If Mona Lisa doesn’t look happy to you, that might be because of your own mental state, according to scientists at the University of California, San Francisco.

Our emotions change our perceptions of the world around us, they say, and that includes works of art. “If you see the Mona Lisa after you have just had a screaming fight with your husband, you’re going to see [the painting] differently,” Erika Siegel, one of the researchers, told.  “But if you’re having the time of your life at the Louvre, you’re going to see the enigmatic smile.”

The study is based on the theory that the brain is a predictive organ that looks to past experiences to know what to expect from the future. In Siegel’s experiment, she showed 43 participants a series of faces, with two different images appearing before each eye. Everyone has a dominant eye, so faces shown to the non-dominant eye only register subconsciously.

 While the dominant eye was shown a face with a neutral expression, the non-dominant eye was presented with a variety of happy, angry, and neutral faces. Siegel likens this subconscious intake of emotional imagery to the effect our own emotional state has on our perceptions. Sure enough, when asked afterwards to sort through all of the faces and identify which ones they had seen, the subjects were more likely to think the neutral faces were happy when they had also seen a smiling face with their non-dominant eye.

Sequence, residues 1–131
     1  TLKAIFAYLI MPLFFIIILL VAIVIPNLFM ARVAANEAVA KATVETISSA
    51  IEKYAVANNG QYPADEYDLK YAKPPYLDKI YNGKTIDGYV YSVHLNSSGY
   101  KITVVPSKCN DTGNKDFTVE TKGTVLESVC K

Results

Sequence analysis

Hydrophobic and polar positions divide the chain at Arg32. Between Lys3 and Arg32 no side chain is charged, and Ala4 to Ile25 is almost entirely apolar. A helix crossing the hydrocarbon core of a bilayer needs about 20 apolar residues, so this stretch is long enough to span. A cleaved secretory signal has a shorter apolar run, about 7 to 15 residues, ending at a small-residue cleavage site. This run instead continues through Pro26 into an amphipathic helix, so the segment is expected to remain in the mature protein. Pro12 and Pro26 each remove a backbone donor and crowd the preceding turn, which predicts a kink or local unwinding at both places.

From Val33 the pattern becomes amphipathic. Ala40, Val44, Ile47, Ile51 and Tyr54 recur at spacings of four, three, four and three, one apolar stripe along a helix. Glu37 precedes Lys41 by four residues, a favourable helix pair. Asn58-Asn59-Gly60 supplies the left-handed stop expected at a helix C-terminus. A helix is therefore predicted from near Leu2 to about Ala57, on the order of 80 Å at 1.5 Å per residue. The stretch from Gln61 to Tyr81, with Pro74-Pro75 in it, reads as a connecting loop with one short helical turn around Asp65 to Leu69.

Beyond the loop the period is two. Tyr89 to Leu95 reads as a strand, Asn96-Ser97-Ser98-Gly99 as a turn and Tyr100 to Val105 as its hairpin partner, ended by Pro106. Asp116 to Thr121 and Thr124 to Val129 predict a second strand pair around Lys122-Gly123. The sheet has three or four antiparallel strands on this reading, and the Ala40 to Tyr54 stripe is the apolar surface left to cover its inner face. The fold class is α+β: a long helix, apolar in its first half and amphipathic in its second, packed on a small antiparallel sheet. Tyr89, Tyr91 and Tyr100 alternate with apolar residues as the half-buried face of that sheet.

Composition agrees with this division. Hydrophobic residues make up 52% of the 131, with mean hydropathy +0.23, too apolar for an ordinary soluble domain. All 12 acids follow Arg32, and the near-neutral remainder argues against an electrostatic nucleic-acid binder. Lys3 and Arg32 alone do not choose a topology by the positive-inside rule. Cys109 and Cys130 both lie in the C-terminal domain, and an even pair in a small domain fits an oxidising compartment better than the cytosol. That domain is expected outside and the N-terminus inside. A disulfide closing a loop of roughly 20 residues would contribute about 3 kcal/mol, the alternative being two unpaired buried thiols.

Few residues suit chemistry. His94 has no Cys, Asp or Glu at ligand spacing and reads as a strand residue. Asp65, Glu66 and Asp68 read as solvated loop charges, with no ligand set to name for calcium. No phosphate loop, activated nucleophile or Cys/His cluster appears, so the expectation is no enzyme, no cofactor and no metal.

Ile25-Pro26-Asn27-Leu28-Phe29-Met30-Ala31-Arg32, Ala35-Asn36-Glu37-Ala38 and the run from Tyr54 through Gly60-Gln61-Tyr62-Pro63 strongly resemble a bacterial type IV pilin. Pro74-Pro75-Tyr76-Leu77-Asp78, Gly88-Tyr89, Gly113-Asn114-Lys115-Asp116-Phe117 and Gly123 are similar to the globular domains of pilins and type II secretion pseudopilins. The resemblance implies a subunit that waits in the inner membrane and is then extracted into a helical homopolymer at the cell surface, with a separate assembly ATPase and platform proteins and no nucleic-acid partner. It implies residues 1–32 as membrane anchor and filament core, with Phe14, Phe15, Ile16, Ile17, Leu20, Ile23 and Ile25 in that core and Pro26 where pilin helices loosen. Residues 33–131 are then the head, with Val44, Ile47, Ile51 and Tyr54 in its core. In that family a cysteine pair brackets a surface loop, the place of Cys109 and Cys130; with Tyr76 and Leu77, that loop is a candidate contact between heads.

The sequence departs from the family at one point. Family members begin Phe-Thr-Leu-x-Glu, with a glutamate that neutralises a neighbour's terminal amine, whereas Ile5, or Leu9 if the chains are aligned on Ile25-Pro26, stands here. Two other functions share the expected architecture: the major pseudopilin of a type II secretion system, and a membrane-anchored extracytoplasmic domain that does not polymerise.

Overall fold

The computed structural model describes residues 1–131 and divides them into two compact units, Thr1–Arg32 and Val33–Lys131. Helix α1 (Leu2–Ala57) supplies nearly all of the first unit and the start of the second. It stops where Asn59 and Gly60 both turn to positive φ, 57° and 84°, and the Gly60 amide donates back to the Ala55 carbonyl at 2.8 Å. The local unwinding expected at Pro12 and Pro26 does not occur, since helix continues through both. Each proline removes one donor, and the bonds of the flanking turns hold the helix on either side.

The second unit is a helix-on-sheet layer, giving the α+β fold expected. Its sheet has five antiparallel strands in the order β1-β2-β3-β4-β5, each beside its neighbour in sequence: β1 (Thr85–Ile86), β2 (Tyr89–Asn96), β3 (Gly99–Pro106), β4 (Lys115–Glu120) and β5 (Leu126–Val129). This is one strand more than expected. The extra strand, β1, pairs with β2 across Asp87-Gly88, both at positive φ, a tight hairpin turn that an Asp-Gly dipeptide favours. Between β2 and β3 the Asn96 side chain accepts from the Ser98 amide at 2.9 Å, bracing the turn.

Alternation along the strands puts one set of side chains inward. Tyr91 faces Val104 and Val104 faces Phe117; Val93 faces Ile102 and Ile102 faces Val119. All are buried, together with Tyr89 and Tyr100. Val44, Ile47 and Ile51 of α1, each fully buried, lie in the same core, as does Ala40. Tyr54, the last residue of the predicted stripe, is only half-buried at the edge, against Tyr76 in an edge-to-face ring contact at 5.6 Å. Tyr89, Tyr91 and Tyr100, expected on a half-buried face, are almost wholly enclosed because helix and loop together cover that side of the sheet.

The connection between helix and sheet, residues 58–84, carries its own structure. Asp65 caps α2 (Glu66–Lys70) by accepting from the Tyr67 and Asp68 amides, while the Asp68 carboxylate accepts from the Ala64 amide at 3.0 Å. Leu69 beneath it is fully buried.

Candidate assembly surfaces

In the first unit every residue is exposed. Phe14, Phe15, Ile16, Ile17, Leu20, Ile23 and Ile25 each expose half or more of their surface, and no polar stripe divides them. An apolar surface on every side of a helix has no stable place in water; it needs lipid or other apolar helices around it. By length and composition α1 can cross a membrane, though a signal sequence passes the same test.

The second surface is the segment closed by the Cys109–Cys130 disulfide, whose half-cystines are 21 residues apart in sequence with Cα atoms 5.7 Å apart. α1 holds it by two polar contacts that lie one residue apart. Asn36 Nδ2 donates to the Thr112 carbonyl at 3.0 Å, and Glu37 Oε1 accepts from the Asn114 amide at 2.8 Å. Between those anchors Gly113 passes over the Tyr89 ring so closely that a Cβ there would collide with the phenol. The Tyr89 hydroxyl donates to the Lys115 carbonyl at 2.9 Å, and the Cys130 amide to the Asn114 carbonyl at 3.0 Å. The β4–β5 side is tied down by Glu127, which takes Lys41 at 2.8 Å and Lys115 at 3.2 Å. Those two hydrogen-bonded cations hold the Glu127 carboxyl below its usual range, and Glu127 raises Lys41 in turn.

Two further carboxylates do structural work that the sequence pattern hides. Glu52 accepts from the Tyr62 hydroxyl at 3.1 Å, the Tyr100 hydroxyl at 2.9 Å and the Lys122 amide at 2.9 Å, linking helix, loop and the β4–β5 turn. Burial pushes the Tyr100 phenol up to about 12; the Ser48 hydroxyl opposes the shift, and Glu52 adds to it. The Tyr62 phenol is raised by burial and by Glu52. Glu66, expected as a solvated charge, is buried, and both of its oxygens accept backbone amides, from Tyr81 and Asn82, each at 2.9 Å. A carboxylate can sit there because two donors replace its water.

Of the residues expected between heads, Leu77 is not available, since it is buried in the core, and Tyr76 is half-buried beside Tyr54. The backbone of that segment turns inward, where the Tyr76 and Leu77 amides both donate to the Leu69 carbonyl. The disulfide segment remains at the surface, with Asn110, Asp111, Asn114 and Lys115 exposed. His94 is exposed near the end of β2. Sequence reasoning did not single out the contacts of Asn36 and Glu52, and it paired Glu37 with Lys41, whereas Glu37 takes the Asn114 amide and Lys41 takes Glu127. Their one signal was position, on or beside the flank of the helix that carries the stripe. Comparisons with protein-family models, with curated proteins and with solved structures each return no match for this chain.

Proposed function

The Prado <em>Mona Lisa</em>. Courtesy of the Prado, via Wikimedia Commons.
The Prado Mona Lisa. Courtesy of the Prado, via Wikimedia Commons.

These findings are the latest in a large field of research into the Mona Lisa‘s enigmatic expression over the years. In 2005, Dutch researchers used emotion recognition software and computer algorithms to find that the Mona Lisa‘s smile was precisely 83 percent happy, nine percent disgusted, six percent fearful, two percent each angry and happy, and less than one person neutral.

 A 2017 study with human subjects reaffirmed these findings, with 97 percent of subjects judging the Mona Lisa to be happy. In 2015, British academics dubbed Leonardo DaVinci‘s creation “the uncatchable smile,” and claimed the expression’s subtlety was intentional, designed by the artist to be visible only from certain angles.

There’s also a theory that the Mona Lisa is smiling because she has syphilis.

Meanwhile, a new study reported in Milenio found that a second copy of the painting at the Prado, thought to have been painted by the Spanish artist Fernando Yáñez de la Almedina, includes hidden Spanish symbols, such as the face of a Moor and Catalan-style architecture, in the background.

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